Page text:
Chapter

Chapter 1: Introduction

Editor(s):
Ruben Lamdany
Published Date:
April 2013
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Dialogue and persuasion are key pillars of effective surveillance…. the Fund will foster an environment of frank and open dialogue and mutual trust with each member….

—2012 Integrated Surveillance Decision, IMF, July 2012

1. Providing policy advice to its member countries is an integral part of operationalizing the Fund’s mandate to foster macroeconomic stability and thereby facilitate prosperity. But the Fund’s policy advice is only effective if it gains traction at the bilateral level (with individual member countries) and at the multilateral level (with the membership at large). A necessary condition for traction is the receptivity of countries to advice, which depends not only on their confidence in the quality and relevance of the advice, but also on how fluid and convincing the ensuing dialogue is. Does the Fund facilitate an environment that encourages country authorities to test their own ideas, discuss sensitive policy areas, and seek out the Fund’s advice? Achieving traction at the multilateral level depends also on institutional features, such as whether the Fund is perceived as transparent and evenhanded. The Fund’s ability to establish a relationship of trust at both the bilateral and multilateral levels is, therefore, fundamental to achieving the institution’s goals.

2. This evaluation examines in what circumstances the Fund is viewed as a trusted advisor to its member countries. It focuses mainly on interactions with individual countries, since policy is implemented at the national level. It looks at how country authorities perceive the relevance and technical quality of IMF advice, as well as how features of the relationship between authorities and staff may influence the persuasiveness of advice and the desire to engage the Fund in a policy dialogue. It examines explicitly the demand for advice—that is, the extent to which countries approach the Fund for advice on their own accord—as an important test of being a trusted advisor. It also considers practices and incentives within the IMF that impair or enhance the trusted advisor role.1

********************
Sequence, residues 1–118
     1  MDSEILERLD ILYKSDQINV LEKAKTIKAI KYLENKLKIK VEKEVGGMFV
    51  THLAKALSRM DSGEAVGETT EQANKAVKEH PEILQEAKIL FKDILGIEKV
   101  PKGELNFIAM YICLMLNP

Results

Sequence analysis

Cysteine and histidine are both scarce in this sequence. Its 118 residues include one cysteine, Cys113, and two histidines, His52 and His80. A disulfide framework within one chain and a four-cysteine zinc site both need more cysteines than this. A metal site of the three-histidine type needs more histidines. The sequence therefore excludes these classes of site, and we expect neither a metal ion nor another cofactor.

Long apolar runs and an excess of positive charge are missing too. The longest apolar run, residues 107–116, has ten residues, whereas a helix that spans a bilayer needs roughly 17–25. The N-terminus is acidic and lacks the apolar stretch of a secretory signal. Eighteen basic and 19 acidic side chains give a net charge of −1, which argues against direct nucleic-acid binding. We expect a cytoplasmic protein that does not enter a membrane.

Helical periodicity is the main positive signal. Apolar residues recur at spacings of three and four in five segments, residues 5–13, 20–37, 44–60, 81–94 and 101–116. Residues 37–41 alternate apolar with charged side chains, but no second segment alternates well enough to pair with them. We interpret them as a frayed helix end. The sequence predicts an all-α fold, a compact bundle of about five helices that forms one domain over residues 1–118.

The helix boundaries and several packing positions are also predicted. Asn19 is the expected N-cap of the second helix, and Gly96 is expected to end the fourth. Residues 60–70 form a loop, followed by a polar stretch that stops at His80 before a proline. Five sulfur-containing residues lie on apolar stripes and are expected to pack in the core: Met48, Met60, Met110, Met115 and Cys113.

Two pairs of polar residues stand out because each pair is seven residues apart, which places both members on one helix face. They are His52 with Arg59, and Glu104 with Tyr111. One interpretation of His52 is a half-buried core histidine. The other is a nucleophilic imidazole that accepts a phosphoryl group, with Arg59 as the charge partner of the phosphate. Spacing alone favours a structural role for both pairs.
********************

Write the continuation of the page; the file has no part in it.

3. The evaluation deepens the analysis of some areas that were covered in the IEO’s evaluation of IMF Interactions with Member Countries (IEO, 2009)—whose findings it confirms—and adds two new perspectives:

  • First, it considers the post-crisis environment. The global financial crisis presented the Fund with an opportunity to engage with its membership in a different, more intensive way—in terms of both financing and its approach to surveillance. Has this changed the perception of the Fund, for better or for worse, as a trusted advisor?

  • Second, it deepens the analysis of the possible trade-offs inherent to its institutional objectives. Thus, the evaluation examines the tensions and possible complementarities between the Fund being a trusted advisor versus a global watchdog. The latter role is anchored on countries’ surveillance obligations (involving, for example, disclosure expectations). That role may reduce the attractiveness for individual countries to use the Fund as a source of advice on sensitive issues or as a sounding board. Yet there may be also some complementarities, as the Fund’s effectiveness as a global watchdog depends in part on trust at the bilateral level and ultimately underpins the Fund’s role as trusted advisor to the global community at large.

4. The report is organized as follows: Chapter 2 provides some background on the IMF’s changing engagement and on why the institution needs to be a trusted advisor. Chapter 3 discusses the evaluation framework. Chapter 4 examines how country authorities define a trusted advisor. Chapter 5 considers the evidence as to whether the IMF is a trusted advisor and where it might fall short; and the concluding chapter discusses what the IMF might do to strengthen its partnership with member countries.

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